In our experiments, a metalorganic vapor phase epitaxy (MOVPE) reactor operating at 100 Torr using trimethylgallium (TMG) and NH3 as source gases was used. As the substrates for the selective growth, GaN epitaxial layers on sapphire (0001) substrates were used. Either 3000 -thick silicon dioxide (SiO2) or 2000--thick silicon nitride (SiNx) was used as the mask material. These masks were patterned to form 2-m-wide stripe windows in the GaN <1-100> and <11-20> directions. After the patterning, GaN layers were selectively grown in the MOVPE reactor at 1050C for I hour. The flow rate was 58 mol/min for TMG and 0.18 mol/min for NH3. The V/III ratio was 3100. Scanning electron microscope images of the selectively grown GaN stripes are shown in Fig. 1. Smooth (0001) surfaces and sidewall facets were obtained with SiO2 and SiNx masks for the <11-20> and <1 100> stripes. The growth rate of the <11-20> stripes with SiO2 and SiNx masks was 2.2 m/h in the vertical direction and less than 0.1 m/h in the lateral direction. The lateral/vertical growth rate ratio of the <11-20> stripes was less than 0.05. The growth rate of the <1-100> stripes with SiO2 and SiNx masks was 1.7 m/h in the vertical direction and 3.3 /h in the lateral direction. The lateral/vertical growth rate ratio of 1.9 was obtained for the <1-100> stripes. The lateral growth of the <11-20> stripes was terminated by the (1-101) facets, whose growth rate is extremely slow1). The large lateral/vertical growth rate ratio of the <1-100> stripes was achieved by the fact that the sidewall (11-22) and (11-20) facets of the <1-100> stripes have a faster growth rate than the (1 101) facets. The <11-20> stripes had a trapezoidal cross-sectional shape1) in the cases both of the SiO2 and the SiNx masks as shown in Figs. 1(a) and (b). The cross-sectional shape of the <1-100> stripes was trapezoidal in the case of the SiO2 masks as shown in Fig. 1(c), and rectangular in the case of the SiNx masks as shown in Fig 1(d). However, in the experiments with a reduced TMG flow rate of 29 mol/min, it was trapezoidal in the case both of the SiO2 and the SiNx masks. This result suggests that the effective V/III ratio on the growing surface depends on mask materials and this ratio influenced the sidewall facets of the <1-100> stripes. 
In our experiments, a metalorganic vapor phase epitaxy (MOVPE) reactor operating at 100 Torr using trimethylgallium (TMG) and NH3 as source gases was used. As the substrates for the selective growth, GaN epitaxial layers on sapphire (0001) substrates were used. Either 3000 -thick silicon dioxide (SiO2) or 2000--thick silicon nitride (SiNx) was used as the mask material. These masks were patterned to form 2-m-wide stripe windows in the GaN <1-100> and <11-20> directions. After the patterning, GaN layers were selectively grown in the MOVPE reactor at 1050C for I hour. The flow rate was 58 mol/min for TMG and 0.18 mol/min for NH3. The V/III ratio was 3100. Scanning electron microscope images of the selectively grown GaN stripes are shown in Fig. 1. Smooth (0001) surfaces and sidewall facets were obtained with SiO2 and SiNx masks for the <11-20> and <1 100> stripes. The growth rate of the <11-20> stripes with SiO2 and SiNx masks was 2.2 m/h in the vertical direction and less than 0.1 m/h in the lateral direction. The lateral/vertical growth rate ratio of the <11-20> stripes was less than 0.05. The growth rate of the <1-100> stripes with SiO2 and SiNx masks was 1.7 m/h in the vertical direction and 3.3 /h in the lateral direction. The lateral/vertical growth rate ratio of 1.9 was obtained for the <1-100> stripes. The lateral growth of the <11-20> stripes was terminated by the (1-101) facets, whose growth rate is extremely slow1). The large lateral/vertical growth rate ratio of the <1-100> stripes was achieved by the fact that the sidewall (11-22) and (11-20) facets of the <1-100> stripes have a faster growth rate than the (1 101) facets. The <11-20> stripes had a trapezoidal cross-sectional shape1) in the cases both of the SiO2 and the SiNx masks as shown in Figs. 1(a) and (b). The cross-sectional shape of the <1-100> stripes was trapezoidal in the case of the SiO2 masks as shown in Fig. 1(c), and rectangular in the case of the SiNx masks as shown in Fig 1(d). However, in the experiments with a reduced TMG flow rate of 29 mol/min, it was trapezoidal in the case both of the SiO2 and the SiNx masks. This result suggests that the effective V/III ratio on the growing surface depends on mask materials and this ratio influenced the sidewall facets of the <1-100> stripes.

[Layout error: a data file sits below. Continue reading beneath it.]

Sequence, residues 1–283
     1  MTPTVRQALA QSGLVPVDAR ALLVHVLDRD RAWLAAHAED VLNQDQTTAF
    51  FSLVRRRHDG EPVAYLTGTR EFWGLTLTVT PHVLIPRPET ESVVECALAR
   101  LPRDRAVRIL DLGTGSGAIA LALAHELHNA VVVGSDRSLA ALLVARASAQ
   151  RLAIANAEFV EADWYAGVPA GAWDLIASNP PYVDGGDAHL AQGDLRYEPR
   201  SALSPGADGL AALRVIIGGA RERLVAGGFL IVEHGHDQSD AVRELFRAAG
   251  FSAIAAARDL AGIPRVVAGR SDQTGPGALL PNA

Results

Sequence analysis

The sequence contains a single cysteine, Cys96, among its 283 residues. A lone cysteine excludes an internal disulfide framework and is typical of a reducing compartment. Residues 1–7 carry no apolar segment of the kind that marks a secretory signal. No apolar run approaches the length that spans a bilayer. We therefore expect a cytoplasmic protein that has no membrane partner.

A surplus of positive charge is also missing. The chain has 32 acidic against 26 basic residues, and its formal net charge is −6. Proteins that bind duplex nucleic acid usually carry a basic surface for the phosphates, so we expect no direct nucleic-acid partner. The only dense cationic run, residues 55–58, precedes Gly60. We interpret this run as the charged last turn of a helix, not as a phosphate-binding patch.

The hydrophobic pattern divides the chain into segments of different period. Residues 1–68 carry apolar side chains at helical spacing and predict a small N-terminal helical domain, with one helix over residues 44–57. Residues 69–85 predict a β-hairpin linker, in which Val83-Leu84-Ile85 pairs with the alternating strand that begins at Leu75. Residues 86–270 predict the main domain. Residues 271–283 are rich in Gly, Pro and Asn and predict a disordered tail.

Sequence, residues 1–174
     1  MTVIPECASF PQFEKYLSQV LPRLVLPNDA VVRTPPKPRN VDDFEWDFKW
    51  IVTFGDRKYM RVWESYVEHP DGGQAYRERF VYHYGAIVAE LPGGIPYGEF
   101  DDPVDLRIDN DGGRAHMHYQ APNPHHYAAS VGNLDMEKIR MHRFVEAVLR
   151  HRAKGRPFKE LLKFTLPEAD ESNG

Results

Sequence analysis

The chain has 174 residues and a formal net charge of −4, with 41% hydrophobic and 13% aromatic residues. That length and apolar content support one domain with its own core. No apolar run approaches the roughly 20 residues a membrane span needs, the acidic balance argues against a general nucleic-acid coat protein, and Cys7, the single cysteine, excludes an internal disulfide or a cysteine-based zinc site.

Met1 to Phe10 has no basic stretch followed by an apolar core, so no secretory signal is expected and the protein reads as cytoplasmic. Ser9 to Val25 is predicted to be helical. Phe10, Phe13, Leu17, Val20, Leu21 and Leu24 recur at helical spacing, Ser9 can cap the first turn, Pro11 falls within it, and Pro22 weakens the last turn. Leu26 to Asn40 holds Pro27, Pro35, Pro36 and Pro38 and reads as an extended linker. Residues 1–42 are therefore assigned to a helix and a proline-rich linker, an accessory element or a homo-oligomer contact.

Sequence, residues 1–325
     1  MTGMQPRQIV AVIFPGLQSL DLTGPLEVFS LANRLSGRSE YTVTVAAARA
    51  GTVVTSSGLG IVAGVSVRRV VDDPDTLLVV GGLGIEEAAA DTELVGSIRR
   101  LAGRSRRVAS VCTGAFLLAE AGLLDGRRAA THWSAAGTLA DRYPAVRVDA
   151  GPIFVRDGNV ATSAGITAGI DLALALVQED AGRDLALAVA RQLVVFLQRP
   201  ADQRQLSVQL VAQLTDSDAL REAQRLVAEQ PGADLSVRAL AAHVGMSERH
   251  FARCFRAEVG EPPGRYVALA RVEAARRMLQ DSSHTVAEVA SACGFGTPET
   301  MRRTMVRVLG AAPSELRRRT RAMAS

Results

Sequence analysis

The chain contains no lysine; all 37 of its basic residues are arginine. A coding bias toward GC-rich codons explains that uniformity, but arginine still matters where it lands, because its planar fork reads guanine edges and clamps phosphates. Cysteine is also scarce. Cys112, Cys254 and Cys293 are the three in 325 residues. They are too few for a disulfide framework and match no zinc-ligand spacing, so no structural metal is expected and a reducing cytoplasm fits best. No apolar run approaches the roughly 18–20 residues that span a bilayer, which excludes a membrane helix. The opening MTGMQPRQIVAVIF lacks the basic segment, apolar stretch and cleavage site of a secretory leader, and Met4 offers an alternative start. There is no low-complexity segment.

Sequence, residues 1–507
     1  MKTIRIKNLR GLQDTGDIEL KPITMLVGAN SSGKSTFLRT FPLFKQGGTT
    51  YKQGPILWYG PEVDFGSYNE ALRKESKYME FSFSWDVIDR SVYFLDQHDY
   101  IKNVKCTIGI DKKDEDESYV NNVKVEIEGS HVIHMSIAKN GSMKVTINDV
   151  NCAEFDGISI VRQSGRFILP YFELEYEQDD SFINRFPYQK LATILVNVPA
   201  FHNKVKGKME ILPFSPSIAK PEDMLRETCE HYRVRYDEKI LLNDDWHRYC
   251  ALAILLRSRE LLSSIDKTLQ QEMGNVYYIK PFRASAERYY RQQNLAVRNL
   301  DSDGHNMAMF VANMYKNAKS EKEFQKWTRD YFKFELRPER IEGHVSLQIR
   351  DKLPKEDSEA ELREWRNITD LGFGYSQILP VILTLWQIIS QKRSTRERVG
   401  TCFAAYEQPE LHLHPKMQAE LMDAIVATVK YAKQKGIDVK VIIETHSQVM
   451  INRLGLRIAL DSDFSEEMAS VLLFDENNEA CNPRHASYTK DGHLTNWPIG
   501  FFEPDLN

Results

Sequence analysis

2:45 PM D8.3 
LATERAL EPITAXY FORMATION MECHANISM AND MICROSTRUCTURE OF SELECTIVELY GROWN GaN STRUCTURES. Tsvetanka S. Zheleva, Ok-Hyun Nam, Jason D. Griffin, and Robert F. Davis, Department of Materials Science and Engineering, North Carolina State University, Raleigh, NC.